Four years of war as a British possession did nothing to encourage political stability in Egypt, but did establish the Wafd Party as the political voice of nationalist opposition. Wafd objections to British control of the Canal Zone were the main stumbling block to dissolution of the Protectorate after 1918, and though formal independence was eventually granted in 1922 it was little more than a facade disguising continued military occupation. Even after the occupation was ended by treaty in 1936 the British maintained occupying forces around the Canal, and they remained in place until the Suez Crisis of 1956.

Whichever way you look at it, Britain’s annexation of Egypt in December 1914 had serious, long-term warping effects on that country’s social, economic and political future, with momentous consequences that are still being felt by the world as a whole. So while we mull over the Football Truce, or consider the continuous, costly and futile attacks still taking place all along the Western Front, let’s spare a seasonal thought for the geopolitical havoc being brewed by the British in the Middle East.

5 NOVEMBER, 1914: Regional Redesign, Part 1

As mentioned in what I can’t help calling my last post, Britain and the Ottoman Empire went to war a hundred years ago today.  During the four years of hard fighting that followed, this particular conflict was regarded as a ‘sideshow’ in Britain, seen by many as an unwarranted distraction from the war in Europe.  Popular British history has been treating it the same way ever since.

Big mistake.

British heritage and remembrance don’t completely ignore the Anglo-Turkish war, but they are only really interested in the Gallipoli campaign and Lawrence of Arabia.  Gallipoli was a bona fide military disaster, a classic example of lions being led by donkeys, a horror story for the troops that made much of the fighting in France look tame, and an exercise that did little or nothing to shorten the wider war.  For all its well-used dramatic potential, the campaign’s greatest importance lies elsewhere, in its enormous effects on national self-consciousness in Australia and New Zealand, whose men did much of the fighting, and in its galvanising effects on the career of Kemal Ataturk, the overwhelmingly dominant figure in modern Turkish history.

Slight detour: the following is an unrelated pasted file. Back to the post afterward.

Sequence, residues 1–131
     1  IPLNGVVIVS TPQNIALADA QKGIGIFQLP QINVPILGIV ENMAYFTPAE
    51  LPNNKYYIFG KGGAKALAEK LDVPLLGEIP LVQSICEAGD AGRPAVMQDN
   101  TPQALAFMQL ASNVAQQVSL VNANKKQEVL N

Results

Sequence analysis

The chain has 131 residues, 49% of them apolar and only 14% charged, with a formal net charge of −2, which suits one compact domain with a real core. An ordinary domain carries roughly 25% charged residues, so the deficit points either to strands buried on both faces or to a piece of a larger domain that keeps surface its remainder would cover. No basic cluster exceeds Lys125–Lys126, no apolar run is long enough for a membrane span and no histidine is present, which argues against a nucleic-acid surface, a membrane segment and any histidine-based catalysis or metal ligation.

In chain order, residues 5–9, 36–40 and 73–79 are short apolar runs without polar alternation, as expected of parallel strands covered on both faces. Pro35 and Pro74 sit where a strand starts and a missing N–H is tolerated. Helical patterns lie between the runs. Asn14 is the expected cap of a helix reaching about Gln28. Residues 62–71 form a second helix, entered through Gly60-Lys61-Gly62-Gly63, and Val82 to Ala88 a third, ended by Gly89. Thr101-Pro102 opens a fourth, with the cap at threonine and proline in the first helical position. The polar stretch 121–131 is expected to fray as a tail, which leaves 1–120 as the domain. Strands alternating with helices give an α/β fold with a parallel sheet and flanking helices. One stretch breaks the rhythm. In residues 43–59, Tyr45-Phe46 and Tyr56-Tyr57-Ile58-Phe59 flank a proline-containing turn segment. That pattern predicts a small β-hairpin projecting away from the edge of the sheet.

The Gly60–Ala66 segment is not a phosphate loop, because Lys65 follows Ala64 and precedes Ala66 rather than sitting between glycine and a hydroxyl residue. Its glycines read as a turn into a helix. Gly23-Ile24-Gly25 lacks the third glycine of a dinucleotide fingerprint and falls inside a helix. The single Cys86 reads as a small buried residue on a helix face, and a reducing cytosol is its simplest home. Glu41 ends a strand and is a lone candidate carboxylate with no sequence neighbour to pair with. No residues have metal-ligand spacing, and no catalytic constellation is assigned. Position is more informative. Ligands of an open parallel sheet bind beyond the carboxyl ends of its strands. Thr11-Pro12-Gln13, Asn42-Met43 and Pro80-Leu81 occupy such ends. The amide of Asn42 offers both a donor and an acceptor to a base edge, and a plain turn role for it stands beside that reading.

Meanwhile Lawrence provides an amazing story, and the Arab Revolt he helped lead played a crucial role in shaping the modern world, but the tale is usually referenced with little regard for context.  By context I mean the British Empire’s conquest, often slow and painful, of pretty much the entire Middle East.

On what we usually call the First World War’s Palestinian and Mesopotamian Fronts, British imperial armies fought their way north from Egypt towards Turkey, and northeast from Basra, up the Rivers Tigris and Euphrates to Baghdad.  In the process and in the aftermath, they provoked and then controlled a comprehensive geopolitical redesign of the region to suit British and French strategic requirements, effectively creating the Middle East we know today.

You’d think, given how much trouble it’s been causing ever since, that this uncontroversial truth would be well known to all of us, but I keep surprising literate, generally well-informed people with the news.  On current form I can’t see the heritage re-run having much to say about it, so I will.

Fighting on the Palestinian Front didn’t get going until 1915, and I’ll get to it in detail then, but a British attack on Mesopotamia was primed and ready to go by the time war with Ottoman Turkey broke out.  With naval units already patrolling the Shatt-al-Arab (the confluence of the Tigris and Euphrates), and five thousand troops from India waiting to go ashore, the operation was intended to be a limited affair.  Its sole stated aim was to protect vital oil supplies from Abadan, on the Persian bank, by seizing the Ottoman port of Basra on the opposite bank.